VIERA -- The trade that brought Derek Dietrich to the Marlins might have cost the infielder thousands of dollars.
Not in salary.
In potential prize winnings.
Dietrich, an amateur juggler when he’s not working his way up the minor-league baseball ladder, had his sights set on winning the Tampa Bay Ray’s annual talent competition that’s held during spring training.
Now, after being traded to the Marlins in December for shortstop Yunel Escobar, he will have to settle on putting on unpaid private shows for his teammates while trying to impress Marlins management with his baseball skills.
“I’ll probably pull out my juggling props here pretty soon,” said Dietrich, who put on a brief demonstration in the Marlins’ dugout before batting practice Wednesday, juggling five baseballs at once.
The Marlins believe the 23-year-old product of Georgia Tech could be in their infield, either as a third baseman or second baseman, within the next year or two. Dietrich is expected to start the season at Double A Jacksonville.
Better known for his bat than his glove, Dietrich is working extensively with infield coach Perry Hill on his defense.
“I like him,” Hill said. “He can hit. I hope I don’t screw the kid up.”
Dietrich, who was chosen by the Rays in the second round of the 2010 draft, has hit .278 with 39 homers in three minor-league seasons. He’s scheduled to start at third base in Thursday’s “B” game against the Cardinals, though he has spent most of his time working out at second this spring.
“Bone [Hill’s nickname] has been unbelievable,” Dietrich said. “They told me early on he was a defensive genius, and I agree with that 100 percent. I could see that from Day One. It was like immediate improvement. I’ve already become a better infielder because of him.”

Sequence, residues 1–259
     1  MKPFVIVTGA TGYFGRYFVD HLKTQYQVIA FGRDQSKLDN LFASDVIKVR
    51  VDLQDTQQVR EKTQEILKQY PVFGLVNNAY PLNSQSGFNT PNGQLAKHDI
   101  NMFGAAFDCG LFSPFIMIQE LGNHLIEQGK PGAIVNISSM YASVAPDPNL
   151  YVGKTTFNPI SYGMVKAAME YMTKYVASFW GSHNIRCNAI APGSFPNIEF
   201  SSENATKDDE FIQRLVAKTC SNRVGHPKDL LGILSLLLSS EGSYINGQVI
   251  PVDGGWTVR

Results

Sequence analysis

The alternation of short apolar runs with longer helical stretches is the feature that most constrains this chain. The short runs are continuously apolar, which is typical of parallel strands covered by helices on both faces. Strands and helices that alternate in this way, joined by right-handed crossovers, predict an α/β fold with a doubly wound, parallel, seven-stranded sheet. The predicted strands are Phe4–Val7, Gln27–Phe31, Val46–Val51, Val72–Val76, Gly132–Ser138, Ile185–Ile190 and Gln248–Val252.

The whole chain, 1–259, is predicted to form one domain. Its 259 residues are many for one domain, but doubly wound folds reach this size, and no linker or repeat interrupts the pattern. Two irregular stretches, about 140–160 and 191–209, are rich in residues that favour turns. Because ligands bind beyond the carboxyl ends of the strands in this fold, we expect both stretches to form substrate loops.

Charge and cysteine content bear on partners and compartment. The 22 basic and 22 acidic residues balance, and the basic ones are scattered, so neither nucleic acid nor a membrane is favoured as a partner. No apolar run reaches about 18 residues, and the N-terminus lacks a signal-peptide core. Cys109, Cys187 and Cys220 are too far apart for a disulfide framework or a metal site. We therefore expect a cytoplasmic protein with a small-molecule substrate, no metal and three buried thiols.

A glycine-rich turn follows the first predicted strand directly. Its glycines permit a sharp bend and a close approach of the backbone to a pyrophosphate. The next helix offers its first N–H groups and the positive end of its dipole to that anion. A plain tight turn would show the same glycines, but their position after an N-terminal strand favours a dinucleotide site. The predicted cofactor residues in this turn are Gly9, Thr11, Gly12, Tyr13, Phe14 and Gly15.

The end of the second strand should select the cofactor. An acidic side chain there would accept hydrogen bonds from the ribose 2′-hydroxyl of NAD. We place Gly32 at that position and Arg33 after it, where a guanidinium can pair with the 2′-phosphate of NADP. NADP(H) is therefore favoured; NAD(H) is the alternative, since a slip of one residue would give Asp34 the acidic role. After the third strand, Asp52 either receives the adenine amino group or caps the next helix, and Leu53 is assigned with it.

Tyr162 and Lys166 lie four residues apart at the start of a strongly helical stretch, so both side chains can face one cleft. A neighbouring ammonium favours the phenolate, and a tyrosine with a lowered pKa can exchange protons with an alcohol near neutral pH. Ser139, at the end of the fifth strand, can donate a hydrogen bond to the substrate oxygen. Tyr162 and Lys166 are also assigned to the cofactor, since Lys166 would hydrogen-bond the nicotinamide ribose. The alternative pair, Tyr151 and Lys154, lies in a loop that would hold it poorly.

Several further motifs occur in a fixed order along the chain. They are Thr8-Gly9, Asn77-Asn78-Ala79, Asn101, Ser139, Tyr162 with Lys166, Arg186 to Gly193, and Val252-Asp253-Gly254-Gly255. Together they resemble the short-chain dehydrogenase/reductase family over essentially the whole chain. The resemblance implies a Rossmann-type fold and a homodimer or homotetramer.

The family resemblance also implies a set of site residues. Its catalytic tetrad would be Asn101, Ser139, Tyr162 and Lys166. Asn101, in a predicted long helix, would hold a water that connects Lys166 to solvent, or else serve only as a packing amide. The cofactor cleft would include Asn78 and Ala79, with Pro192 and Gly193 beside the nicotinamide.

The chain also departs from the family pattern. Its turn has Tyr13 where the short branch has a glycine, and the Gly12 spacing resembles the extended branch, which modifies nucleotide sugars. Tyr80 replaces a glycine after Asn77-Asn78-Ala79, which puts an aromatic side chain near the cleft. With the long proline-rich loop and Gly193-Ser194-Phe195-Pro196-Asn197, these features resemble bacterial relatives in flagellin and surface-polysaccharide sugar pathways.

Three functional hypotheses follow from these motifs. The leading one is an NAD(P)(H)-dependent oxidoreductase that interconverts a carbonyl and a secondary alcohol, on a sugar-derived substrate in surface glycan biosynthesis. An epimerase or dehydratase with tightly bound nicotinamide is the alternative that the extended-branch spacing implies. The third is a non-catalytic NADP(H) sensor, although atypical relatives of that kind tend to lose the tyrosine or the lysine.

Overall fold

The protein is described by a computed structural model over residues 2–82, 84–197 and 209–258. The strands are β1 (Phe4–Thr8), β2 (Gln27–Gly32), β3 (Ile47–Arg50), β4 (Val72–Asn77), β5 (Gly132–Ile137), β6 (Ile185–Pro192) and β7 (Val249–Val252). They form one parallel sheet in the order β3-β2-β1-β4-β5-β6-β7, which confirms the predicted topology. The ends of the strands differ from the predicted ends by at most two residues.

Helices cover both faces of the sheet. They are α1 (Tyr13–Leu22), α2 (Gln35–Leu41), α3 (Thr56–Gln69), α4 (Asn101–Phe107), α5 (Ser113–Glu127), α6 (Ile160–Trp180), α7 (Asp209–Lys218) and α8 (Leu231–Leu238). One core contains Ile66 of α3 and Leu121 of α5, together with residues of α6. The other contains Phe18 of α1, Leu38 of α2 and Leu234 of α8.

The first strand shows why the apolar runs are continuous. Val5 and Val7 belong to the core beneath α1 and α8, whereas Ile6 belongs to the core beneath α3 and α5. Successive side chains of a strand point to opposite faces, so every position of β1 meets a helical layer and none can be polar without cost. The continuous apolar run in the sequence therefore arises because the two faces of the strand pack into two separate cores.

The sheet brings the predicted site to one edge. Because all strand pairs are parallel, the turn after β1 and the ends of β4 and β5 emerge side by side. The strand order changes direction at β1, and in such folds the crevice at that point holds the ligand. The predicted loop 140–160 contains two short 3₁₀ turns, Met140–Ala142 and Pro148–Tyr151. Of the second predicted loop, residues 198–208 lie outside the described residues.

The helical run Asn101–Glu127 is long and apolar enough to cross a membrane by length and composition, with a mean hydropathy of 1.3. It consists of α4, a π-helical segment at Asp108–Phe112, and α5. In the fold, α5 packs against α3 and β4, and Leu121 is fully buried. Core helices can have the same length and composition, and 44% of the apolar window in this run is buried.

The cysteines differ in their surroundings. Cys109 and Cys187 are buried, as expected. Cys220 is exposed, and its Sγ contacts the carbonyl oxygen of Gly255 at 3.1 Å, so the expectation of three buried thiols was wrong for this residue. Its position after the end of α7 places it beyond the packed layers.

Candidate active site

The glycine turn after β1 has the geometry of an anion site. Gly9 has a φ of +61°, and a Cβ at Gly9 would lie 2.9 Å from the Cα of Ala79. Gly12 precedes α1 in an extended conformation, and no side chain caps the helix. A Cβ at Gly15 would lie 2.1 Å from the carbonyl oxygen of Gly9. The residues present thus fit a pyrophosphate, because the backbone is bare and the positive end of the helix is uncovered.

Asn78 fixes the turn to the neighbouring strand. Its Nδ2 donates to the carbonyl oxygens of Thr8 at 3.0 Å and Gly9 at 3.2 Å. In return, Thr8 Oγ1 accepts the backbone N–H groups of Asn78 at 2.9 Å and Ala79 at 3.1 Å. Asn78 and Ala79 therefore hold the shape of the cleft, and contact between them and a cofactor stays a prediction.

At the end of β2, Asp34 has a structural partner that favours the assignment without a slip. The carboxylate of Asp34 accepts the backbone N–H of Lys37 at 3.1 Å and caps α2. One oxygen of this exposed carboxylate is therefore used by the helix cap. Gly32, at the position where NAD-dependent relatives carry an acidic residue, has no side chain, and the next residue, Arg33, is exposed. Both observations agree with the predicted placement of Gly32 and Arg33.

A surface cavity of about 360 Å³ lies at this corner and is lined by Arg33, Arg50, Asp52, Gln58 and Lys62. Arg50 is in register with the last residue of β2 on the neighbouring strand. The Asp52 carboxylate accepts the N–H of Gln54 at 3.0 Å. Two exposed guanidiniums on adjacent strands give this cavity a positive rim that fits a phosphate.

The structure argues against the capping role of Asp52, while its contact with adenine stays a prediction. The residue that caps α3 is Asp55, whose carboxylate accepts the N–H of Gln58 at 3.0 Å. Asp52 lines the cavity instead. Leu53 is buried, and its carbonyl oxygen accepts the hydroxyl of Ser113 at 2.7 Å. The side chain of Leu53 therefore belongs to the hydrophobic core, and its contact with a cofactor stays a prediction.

Juggling has also proved beneficial to Dietrich on the baseball field.
“Obviously, hand-eye coordination is huge in this game, offensively and defensively,” Dietrich said. “Juggling is defined as having more objects in the air than you have hands to control them. You don’t have that happen in baseball, but the peripheral vision — the reaction — just knowing where the ball is going to be without my eyes seeing it, that’s where it helps.”
Dietrich said he started juggling when he was 8 years old and stuck with it.
By the time he was in high school, he was a member of the International Jugglers Association and performed at charity events and nursing homes. His bag of props, which he brought with him to spring training, includes balls, clubs, machetes and torches.
Dietrich not only played in the 2011 Midwest League All-Star Game, he also performed his juggling routine for the crowd of 10,000 during a break in play as part of a gag.
“My manager said, ‘I’m going to make this pitching change, but instead of calling the pitcher, I’m going to call you out of the dugout and you’re going to come on the field and juggle,’ ” Dietrich said. “The fans didn’t know if I was a performer dressed up as a baseball player, and they had to clarify over the public address system that I was actually a player from the Rays’ organization.”
Dietrich can’t wait to perform for his Marlins teammates.
“Everybody’s got a batting average — good or bad,” Dietrich said. “But not too many guys can juggle.”